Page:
It apparently started with Timothy Leary (you remember him, don't you, dude?), who said: "Think for yourself and question authority."
Then people made buttons: "QUESTION AUTHORITY!" Then they made bumper stickers, t-shirts, signs, and who-knows-what-else. I learned from this site that the great statement, "QUESTION AUTHORITY," is a "liberal idea." No! Far out! Waaaaaaay cool! But is it a "liberal idea" to add to the original private revelation of Timothy Leary and say, "Question Authority Before They Question You"? And would it be accurate to say this is a "liberal idea" uttered by someone with a "liberal education" — as in liberal with the partying and light on the English classes?
A recent article in the student paper at Bowling Green is titled, "Students should question authority." Who brings us these glad tidings and words of joy? A liberal teacher!
After 30 years of teaching BGSU students constitutional law, Professor Steven Ludd said, “we’re in trouble." Today’s generation of students don’t question authority, he said. Ludd highlighted individual liberties and responsibilities, and focused on how the writers of the U.S. constitution sought to “balance two competing ideas: liberty and order and justice.”
A child of the sixties, Ludd said it wasn’t hard to become active in a decade where a president was assassinated and an undeclared war claimed the lives of over 50,000 Americans. Today there are several issues that once again question what the balance of liberties and order and justice should be, such as the Patriot Act, the War on Terrorism and the debate over abortion.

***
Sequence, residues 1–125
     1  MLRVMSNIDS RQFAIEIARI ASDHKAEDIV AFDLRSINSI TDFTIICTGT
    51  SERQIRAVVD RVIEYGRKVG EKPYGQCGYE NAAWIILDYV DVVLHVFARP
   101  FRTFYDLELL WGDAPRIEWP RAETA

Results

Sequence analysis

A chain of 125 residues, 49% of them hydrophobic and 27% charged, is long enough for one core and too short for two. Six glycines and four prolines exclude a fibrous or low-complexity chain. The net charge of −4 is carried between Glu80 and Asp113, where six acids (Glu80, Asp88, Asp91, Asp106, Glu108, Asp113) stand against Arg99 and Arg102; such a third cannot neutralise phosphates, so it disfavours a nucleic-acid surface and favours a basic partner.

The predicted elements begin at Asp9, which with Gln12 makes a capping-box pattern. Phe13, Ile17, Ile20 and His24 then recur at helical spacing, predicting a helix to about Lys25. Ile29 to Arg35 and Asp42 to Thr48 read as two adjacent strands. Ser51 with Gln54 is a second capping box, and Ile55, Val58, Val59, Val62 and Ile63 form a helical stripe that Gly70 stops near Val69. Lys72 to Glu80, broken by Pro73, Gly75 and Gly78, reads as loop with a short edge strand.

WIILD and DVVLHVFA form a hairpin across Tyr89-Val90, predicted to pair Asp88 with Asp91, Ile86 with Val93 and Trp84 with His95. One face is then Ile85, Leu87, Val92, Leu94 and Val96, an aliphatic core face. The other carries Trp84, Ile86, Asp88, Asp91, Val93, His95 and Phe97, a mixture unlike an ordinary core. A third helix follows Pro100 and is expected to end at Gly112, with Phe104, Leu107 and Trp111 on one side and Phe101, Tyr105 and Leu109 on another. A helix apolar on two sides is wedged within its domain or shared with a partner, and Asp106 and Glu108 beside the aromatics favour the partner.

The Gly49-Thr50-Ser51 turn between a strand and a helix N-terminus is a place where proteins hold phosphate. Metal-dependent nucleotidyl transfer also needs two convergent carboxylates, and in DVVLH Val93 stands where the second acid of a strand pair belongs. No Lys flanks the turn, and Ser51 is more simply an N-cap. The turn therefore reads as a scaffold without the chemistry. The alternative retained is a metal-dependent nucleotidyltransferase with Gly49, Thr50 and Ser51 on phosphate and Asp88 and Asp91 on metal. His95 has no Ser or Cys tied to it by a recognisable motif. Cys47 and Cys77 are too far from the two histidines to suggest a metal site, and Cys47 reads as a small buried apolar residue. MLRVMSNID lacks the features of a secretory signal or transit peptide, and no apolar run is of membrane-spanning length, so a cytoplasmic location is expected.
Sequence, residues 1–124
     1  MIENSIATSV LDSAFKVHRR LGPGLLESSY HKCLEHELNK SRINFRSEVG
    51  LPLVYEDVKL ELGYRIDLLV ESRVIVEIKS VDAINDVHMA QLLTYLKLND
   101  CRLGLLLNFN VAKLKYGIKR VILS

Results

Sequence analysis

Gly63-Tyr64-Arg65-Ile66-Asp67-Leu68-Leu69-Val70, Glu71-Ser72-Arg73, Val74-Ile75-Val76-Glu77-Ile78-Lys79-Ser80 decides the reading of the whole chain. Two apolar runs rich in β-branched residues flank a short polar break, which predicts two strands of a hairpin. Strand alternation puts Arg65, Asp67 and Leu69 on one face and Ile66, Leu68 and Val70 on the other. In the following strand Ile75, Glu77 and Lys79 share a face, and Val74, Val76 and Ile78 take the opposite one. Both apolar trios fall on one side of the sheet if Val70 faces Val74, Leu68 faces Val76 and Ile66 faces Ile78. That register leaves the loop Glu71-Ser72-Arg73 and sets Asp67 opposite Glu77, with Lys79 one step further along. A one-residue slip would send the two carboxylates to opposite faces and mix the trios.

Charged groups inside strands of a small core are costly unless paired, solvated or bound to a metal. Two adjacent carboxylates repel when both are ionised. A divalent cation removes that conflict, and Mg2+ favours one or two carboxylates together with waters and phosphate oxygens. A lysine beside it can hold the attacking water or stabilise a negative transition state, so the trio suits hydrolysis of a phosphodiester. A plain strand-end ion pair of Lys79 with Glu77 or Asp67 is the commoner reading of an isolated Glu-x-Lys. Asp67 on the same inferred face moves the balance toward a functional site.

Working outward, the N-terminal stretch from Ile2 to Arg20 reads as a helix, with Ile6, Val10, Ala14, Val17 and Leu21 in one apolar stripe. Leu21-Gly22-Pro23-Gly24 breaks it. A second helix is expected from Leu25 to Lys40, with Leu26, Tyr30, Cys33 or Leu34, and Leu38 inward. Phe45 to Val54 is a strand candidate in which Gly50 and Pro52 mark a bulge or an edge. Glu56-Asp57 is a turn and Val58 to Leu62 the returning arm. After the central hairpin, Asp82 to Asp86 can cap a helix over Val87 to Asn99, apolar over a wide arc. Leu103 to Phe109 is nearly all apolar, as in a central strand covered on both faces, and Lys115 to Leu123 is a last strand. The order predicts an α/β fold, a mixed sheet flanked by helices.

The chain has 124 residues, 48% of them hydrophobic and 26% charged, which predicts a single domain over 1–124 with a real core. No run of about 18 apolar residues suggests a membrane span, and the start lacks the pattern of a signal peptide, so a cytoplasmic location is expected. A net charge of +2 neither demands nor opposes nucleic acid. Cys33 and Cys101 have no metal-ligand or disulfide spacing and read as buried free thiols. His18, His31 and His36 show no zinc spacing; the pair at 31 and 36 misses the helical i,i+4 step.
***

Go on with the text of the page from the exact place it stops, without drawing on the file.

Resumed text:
“To question authority is a patriotic act,” Ludd said.
Quick, I want a bumper sticker: "TO QUESTION AUTHORITY IS A PATRIOTIC ACT." Yessir! And keeping your kid from attemding Bowling Green is probably a sound financial decision.
It's a motto for all sorts of people, of course, not just ex-hippies slinging slogans at nineteen-year-old students. For example, there are theologians in the Catholic Church who essentially say: "QUESTION AUTHORITY!" Some of them even take jobs as "consultants" on movies that mock and attack the Church and her beliefs, then say: "According to the terms of my contract,
I'm not at liberty to discuss my role as a consultant to 'The Da Vinci
Code' film, other than to confirm that I am, in fact, a consultant and
that I have been in touch with [director] Ron Howard and others
involved in the production of the film." Why not just say: "QUESTION AUTHORITY (unless it's Ron Howard or Dan Brown)"?
Which brings me, at last, to my single, solitary question: By what authority do you tell me to question authority?
No, really, I'm serious, Professor Ludd (say, isn't a professor an authority of some sort? Then I question everything you teach. Everything!). I see your bumper sticker and your t-shirt and your ponytail and your worn out copy of Siddhartha and the tattoo of a peace symbol on your arm. So who are you to tell me to question authority? I'm waiting...hello?...hey, where you going? Don't you have another slogan or something for me to meditate on? Maybe a Buddhist prayer cloth to hang over my garage door? Okay, fine. Peace, my brother. Keep on with the deep questions; it's good stuff. It really is...